WASHINGTON (1/16/14)--A report indicating strong performance by the mortgage market last week was eclipsed by news of industry-wide difficulties.
The Mortgage Bankers Association market composite index was up by 11.9% for the week ending Jan. 10, according to data published Wednesday by the trade association. The MBA, however, said Tuesday that it reined in its forecast of market activity this year. Its predictions for purchase and refinance originations in 2014 were lowered to $677 billion and $440 billion, from $711 billion and $463 billion.
Compounding the sector's woes was another Wednesday report on the country's most prominent mortgage lenders' fourth quarter. Bank of America, the third-largest originator by market share, saw originations decline on annual basis by 46%, to $11.6 billion from $21.5 billion. Wells Fargo and J.P Morgan, the top two mortgage originators, saw originations drop on a year-over-year basis by 60% and 54%, to $50 billion and $23 billion, respectively (MarketWatch Jan. 15).
The MBA weekly survey however, showed that purchase and refinance activity were both up by 11.5% and 11.2% for the week ending Jan. 10.
Long-term problems for the industry are also evident in the recent MBA data, however. The four-week moving average of the refinance index is down by 16% over the past month and 65% over the past year. A similar measure of the purchase index is down by 4.4% on a monthly basis and 6.5% on a year-over-year basis. A 12-week moving average of the refinance applications component is at its lowest level since 2008, while a similar measure of the purchase index is at a two-year low (Economy.com Jan. 15).
Moody's said that the recent pessimism evinced by the MBA can likely be attributed to the rising cost of mortgage financing. Institutional investors have driven demand in recent months, but rising prices and a shrinking supply of distressed homes is slowing that trend. It's unclear if first-timers and homebuyers trading-up can pick up the slack, the ratings and research firm said.
MarketWatch, however, reported that falling demand could see conditions improve for borrowers, with recent Federal Reserve research indicating that bank loan officers are loosening mortgage standards. Mortgage interest rates measured by the MBA also receded slightly for the week ending Jan. 10. The averages for 30-year fixed-rate mortgages and 30-year fixed-rate jumbo mortgages both fell--by 6 basis points and 8 basis points to 4.66% and 4.58%. The five-year adjustable-rate mortgage was down by 5 basis points, falling to 3.28% at the end of the week.
The fixed-rate for 30-year conventional mortgages and the adjustable five-year mortgage rate are both up on an annual basis--by 105 and 62 basis points.
WASHINGTON (1/16/14)--The 12 Federal Reserve districts indicated economic activity expanded across most regions and sectors from late November through the end of the year, according to the Fed's Beige Book.
"The economic outlook is positive in most Districts, with some reports citing expectations of 'more of the same' and some expecting a pickup in growth," the Fed report said of the data collected on or before Jan. 6 in the Atlanta, Boston, Cleveland, Chicago, Dallas, Kansas City, Minneapolis, New York, Philadelphia, Richmond, St. Louis and San Francisco districts.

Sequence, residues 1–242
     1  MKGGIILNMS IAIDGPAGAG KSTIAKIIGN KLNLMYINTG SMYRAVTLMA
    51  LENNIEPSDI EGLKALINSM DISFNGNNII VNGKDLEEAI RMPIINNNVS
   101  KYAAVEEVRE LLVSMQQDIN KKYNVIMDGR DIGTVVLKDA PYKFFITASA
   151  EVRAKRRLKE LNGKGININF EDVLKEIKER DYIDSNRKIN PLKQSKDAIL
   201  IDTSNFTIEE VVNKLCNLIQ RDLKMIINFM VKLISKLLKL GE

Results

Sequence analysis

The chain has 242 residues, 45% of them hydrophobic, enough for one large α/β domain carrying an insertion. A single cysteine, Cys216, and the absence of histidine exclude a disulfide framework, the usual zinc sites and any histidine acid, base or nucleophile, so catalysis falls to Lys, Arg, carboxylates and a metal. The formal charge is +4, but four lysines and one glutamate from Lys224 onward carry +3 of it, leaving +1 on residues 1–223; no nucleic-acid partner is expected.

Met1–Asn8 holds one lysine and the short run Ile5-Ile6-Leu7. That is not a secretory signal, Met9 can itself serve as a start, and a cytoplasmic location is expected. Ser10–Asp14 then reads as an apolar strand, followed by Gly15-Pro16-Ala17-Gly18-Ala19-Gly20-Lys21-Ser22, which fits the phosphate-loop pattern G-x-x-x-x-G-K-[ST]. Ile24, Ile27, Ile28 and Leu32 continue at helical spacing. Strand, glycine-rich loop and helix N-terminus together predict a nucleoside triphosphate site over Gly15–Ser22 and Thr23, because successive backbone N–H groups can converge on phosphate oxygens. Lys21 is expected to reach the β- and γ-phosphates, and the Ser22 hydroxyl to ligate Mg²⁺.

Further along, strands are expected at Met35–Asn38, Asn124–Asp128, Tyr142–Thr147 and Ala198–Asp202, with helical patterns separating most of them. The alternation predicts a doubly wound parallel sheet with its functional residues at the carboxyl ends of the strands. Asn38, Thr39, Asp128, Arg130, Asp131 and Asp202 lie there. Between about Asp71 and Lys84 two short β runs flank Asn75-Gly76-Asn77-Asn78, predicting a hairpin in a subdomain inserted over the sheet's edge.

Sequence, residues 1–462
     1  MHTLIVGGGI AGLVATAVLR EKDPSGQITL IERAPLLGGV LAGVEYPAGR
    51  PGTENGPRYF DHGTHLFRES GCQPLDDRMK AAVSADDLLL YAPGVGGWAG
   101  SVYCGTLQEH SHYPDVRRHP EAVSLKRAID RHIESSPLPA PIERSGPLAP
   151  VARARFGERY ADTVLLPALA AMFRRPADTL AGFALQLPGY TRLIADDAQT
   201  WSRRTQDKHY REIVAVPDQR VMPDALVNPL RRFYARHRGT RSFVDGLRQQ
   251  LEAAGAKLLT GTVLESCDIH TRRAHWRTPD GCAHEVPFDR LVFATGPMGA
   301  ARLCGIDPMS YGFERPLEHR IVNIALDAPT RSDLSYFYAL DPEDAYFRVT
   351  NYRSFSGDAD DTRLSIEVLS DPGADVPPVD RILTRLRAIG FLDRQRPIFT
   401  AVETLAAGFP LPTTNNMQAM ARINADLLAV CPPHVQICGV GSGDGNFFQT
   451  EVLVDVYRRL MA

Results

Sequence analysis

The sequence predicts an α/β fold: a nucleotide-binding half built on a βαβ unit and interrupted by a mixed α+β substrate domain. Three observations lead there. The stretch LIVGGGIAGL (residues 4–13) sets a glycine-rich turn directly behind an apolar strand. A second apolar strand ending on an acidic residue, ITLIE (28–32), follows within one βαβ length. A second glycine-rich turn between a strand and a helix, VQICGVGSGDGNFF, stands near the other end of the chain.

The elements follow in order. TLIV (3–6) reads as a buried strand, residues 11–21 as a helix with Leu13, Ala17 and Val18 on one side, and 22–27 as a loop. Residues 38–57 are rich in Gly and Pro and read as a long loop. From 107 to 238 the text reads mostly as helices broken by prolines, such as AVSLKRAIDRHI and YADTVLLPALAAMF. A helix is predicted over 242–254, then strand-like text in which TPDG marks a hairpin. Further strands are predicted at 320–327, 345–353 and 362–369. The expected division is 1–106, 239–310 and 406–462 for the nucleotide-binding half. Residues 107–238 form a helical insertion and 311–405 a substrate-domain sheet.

The Beige Book provides anecdotal information about the economy to the Federal Open Market Committee two weeks prior to its scheduled meetings. The policy-making committee meets Jan. 28-29.
Wednesday's report from the Fed found retail spending was "modestly to moderately higher" in most areas compared with a year earlier. The Kansas City district said holiday sales were lower than expected, "which retailers there attributed to a shorter selling season and harsh weather conditions."
No substantial changes were reported in loan volume, although New York noted a "moderate" decline. Philadelphia, Richmond, Atlanta, Chicago, Dallas and San Francisco cited "slight to moderate growth." "Contacts in some Districts expressed concern about new banking regulations and their potential negative impact on lending and operating costs," the Fed reported.
Philadelphia, Chicago and San Francisco cited instances where financial institutions relaxed their underwriting standards, which was attributed to more competition in the lending field.
The decline in residential real estate loans in New York, Cleveland, Atlanta, Chicago and Kansas City was primarily due to reduced refinancing activity rather than fewer first mortgage applications. The latter has slightly increased in some districts, the Fed said.
Demand deposits volume increased in the Cleveland and Dallas districts, remained stable in Kansas City and decreased in the St. Louis district.
According to the Beige Book, most districts reported increases in home sales in the closing months of 2013 compared with last year, but some indicated that year-over-year residential sales growth had slowed relative to earlier quarters in 2013.
Home prices continued to trend upward in Boston, Atlanta, Chicago, Minneapolis, Kansas City and San Francisco, and remained stable in the Cleveland and Richmond districts.